How to Conserve Water in Your Home

By: Joe Cuhaj

Bathroom faucet with water running.

The average residence in the U.S. uses over 100,000 gallons of water a year. By adopting these simple water saving measures, you can cut your home’s water usage dramatically.

Overall Household Water Savings

  • Leaks: Even the smallest leak can waste thousands of gallons of water a year. To see if there’s a problem, read your water meter when no water is being use, then look at it again after a few hours to see if the gauge has changed. Fixing it could be as simple as replacing a faucet washer or could indicate a more serious problem such as an unseen leak in a pipe.
  • Pipes: Installing foam insulation on hot water pipes saves both water and energy by providing hot water faster and keeping it hot longer. This reduces the water wasted from running the tap to heat it up.

Bathroom

  • Toilets: Toilets are the largest user of water in the home. Look on the bottom of the lid to find the date your toilet was manufactured. Those made before 1993 use two to three times the water of new ones. If you have an older model, consider replacing it with a new low flush or dual flush toilet that can use as little as one gallon-per-flush.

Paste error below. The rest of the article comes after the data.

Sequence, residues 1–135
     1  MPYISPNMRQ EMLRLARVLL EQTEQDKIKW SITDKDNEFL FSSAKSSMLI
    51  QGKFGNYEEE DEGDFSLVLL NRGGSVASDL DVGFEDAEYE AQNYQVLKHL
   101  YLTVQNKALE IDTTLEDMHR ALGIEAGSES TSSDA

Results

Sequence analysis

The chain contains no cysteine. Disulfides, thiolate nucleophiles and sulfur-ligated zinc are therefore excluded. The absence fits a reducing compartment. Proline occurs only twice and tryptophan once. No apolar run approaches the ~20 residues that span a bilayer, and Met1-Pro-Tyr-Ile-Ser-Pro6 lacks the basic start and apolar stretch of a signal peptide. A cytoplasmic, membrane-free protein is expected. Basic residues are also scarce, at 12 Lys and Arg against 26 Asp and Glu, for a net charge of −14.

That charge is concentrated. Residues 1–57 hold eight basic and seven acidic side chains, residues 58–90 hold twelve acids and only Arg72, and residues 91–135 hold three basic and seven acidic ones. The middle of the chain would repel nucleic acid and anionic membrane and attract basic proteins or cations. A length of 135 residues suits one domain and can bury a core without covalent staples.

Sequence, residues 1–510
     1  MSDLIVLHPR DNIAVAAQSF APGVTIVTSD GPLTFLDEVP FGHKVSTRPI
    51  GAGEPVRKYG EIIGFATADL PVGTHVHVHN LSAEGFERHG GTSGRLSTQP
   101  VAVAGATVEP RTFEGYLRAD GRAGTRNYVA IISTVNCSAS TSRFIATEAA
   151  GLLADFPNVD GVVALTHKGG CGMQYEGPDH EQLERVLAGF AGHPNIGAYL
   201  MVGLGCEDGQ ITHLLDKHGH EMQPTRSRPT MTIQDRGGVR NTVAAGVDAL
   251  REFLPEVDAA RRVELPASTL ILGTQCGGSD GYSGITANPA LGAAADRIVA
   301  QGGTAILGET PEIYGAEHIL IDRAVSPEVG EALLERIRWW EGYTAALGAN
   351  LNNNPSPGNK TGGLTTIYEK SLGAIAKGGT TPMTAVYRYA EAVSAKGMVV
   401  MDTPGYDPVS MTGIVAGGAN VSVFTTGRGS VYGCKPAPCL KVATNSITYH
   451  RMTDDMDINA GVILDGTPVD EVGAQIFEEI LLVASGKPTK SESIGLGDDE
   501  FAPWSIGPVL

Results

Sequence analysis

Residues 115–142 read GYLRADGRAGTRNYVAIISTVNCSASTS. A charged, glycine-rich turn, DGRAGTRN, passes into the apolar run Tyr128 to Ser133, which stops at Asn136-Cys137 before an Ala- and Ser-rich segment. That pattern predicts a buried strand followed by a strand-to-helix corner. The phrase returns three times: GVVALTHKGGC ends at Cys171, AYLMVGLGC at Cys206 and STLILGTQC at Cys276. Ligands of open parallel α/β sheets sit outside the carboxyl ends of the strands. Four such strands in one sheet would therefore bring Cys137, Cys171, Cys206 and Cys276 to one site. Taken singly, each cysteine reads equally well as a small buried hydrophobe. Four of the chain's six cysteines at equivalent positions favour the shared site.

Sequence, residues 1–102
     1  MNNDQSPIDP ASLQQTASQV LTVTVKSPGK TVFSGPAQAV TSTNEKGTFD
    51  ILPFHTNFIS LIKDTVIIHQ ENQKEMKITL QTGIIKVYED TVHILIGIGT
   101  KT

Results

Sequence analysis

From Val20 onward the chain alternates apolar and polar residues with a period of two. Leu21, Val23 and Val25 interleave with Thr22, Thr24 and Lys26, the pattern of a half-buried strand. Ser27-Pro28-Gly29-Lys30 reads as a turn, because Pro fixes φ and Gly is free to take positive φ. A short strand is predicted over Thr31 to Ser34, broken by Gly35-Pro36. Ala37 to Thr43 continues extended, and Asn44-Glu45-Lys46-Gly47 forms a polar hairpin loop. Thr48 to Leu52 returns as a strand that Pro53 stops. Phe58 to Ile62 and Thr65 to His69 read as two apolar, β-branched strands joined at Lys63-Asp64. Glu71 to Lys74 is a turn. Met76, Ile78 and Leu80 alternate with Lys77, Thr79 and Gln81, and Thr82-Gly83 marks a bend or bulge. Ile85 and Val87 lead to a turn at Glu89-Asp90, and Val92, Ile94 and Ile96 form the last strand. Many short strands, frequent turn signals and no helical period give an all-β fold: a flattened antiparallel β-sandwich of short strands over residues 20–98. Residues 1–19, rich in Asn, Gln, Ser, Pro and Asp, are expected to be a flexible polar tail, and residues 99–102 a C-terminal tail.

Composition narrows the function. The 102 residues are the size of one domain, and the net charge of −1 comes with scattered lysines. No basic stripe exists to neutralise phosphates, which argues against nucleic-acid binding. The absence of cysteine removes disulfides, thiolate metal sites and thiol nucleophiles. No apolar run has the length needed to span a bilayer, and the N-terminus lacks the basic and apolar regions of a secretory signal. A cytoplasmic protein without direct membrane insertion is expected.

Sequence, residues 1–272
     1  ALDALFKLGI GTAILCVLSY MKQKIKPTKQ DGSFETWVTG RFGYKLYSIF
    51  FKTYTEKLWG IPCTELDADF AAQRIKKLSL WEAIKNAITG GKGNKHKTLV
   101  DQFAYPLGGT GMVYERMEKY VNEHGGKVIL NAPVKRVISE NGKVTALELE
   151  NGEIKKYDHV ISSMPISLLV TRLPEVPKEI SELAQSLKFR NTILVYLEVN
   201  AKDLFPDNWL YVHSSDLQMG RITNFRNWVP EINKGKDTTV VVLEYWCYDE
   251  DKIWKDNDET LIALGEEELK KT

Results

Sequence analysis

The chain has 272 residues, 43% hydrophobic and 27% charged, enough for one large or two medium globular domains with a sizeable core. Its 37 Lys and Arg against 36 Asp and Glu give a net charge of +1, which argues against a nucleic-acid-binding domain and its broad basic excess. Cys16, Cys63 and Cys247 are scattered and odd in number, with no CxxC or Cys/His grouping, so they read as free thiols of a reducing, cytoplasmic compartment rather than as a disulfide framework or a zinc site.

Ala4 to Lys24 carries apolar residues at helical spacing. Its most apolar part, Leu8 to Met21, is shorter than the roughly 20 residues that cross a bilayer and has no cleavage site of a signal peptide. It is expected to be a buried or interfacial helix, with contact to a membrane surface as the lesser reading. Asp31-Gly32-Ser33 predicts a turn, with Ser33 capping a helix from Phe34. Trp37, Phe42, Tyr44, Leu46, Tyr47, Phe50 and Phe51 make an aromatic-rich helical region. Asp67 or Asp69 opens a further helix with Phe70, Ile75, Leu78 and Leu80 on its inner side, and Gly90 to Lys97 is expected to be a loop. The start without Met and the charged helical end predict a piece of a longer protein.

If replacing a toilet isn’t in your budget, add a few inches of gravel or sand to a plastic soft drink bottle, fill it with water, screw on the cap, and put it in the tank away from the float and flapper to reduce the amount of water used per flush.

    To check your toilet to see if water is leaking from the tank into the bowl, put a small amount of food coloring in the tank. If the color shows up in the bowl without flushing it, the flapper valve in the tank should be replaced. See our article on Repairing a Toilet to find out how.